* From an address delivered by Doctor William Oxley Thompson, President of the Ohio State University, on the occasion of the annual commencement of that institution, June 2, 1923. Governor James E Campbell was born July 7, 1843.


active support of the measure This was the most important legislation of your administration and will, we trust, perpetuate your memory as the friend of higher education and in a most vital hour the devoted friend of the Ohio State University. From your message to the General Assembly, January 6, 1891, we direct attention to these significant statements:

The Ohio State University is worthy of your fostering care. The University has made notable progress, and through your generous, although somewhat fitful aid, it has become a credit to the State. Many persons are of the opinion that a small special tax for the benefit of this University is a burden which the people would bear cheerfully for the sake of education and advancement. You might, therefore, very properly inquire whether the national gift ought not to be supplemented by a permanent fund of such a character.

The University recognizes gratefully that your attitude in contrast with that of five predecessors who did not even mention the University became a clarion call to others to urge a more liberal provision for the University. That day was the dawn of the modern progress now so happily achieved in which we all rejoice.

The University finds genuine satisfaction in contemplating the patriotic ancestry from which you sprang. Your grandfather — Samuel Campbell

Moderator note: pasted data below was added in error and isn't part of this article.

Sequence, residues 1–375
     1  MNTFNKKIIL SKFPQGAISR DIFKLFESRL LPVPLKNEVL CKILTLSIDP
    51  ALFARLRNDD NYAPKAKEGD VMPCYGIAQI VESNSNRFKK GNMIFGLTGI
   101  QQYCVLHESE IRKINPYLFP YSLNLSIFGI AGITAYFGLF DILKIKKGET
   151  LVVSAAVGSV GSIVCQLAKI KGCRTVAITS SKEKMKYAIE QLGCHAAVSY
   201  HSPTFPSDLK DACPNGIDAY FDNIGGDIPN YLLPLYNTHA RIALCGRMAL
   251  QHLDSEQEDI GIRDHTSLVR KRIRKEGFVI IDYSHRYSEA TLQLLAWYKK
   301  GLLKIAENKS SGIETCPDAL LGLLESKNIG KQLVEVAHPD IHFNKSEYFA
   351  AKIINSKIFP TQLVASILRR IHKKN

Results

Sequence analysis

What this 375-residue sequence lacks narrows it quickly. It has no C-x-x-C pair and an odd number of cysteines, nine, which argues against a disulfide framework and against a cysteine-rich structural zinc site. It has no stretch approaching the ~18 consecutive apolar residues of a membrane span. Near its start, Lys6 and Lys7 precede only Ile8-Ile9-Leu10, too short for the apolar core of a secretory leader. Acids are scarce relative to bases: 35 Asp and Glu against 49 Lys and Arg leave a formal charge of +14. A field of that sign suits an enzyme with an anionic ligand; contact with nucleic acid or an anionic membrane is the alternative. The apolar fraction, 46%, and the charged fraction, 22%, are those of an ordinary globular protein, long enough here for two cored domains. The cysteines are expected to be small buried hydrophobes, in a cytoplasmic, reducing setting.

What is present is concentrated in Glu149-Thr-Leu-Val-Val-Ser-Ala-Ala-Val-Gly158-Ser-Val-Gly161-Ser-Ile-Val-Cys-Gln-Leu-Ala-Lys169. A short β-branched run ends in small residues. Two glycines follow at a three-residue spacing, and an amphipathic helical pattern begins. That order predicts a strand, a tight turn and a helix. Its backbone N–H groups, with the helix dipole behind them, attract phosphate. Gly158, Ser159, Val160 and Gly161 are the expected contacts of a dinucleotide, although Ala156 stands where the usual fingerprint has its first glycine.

Samuel Campbell — served in the war of 1812. Your grandmother — Mary Small Campbell — was the daughter of a Revolutionary soldier. From this ancestry sprang a son — Lewis D. Campbell - who served with distinction in both civil and military life as did his brother-in-law — Robert Reily — who made the supreme sacrifice at Chancellorsville in 1863. Then follows a list of grandchildren among whom you stand the sole survivor — who served in the Civil War. The later generation of great grandchildren, not fewer than eighteen in number, among whom your own daughter is numbered with a brilliant record in France, and your son, James Edwin Campbell, Jr., with the rank of Captain and overseas service, presents a military service in the World War rarely equalled. Standing as you do amid five generations alike patriotic in their devotion to the democratic government under which we live, the University greets you as one of Ohio's most beloved sons honored alike in war, in


and in public life.

The Trustees and Faculty of the University join today in this testimonial, as we believe all good citizens of Ohio would have us do, to give expression to our affection and to place in your hands a record of the high esteem in which thousands of our grateful alumni

hold you.

We greet you as citizen, soldier, patriot, public servant, patron of education and lover of humanity.

Long may you live to enjoy the honors cheerfully awarded, and to be happy in the affection of your friends and fellow citizens.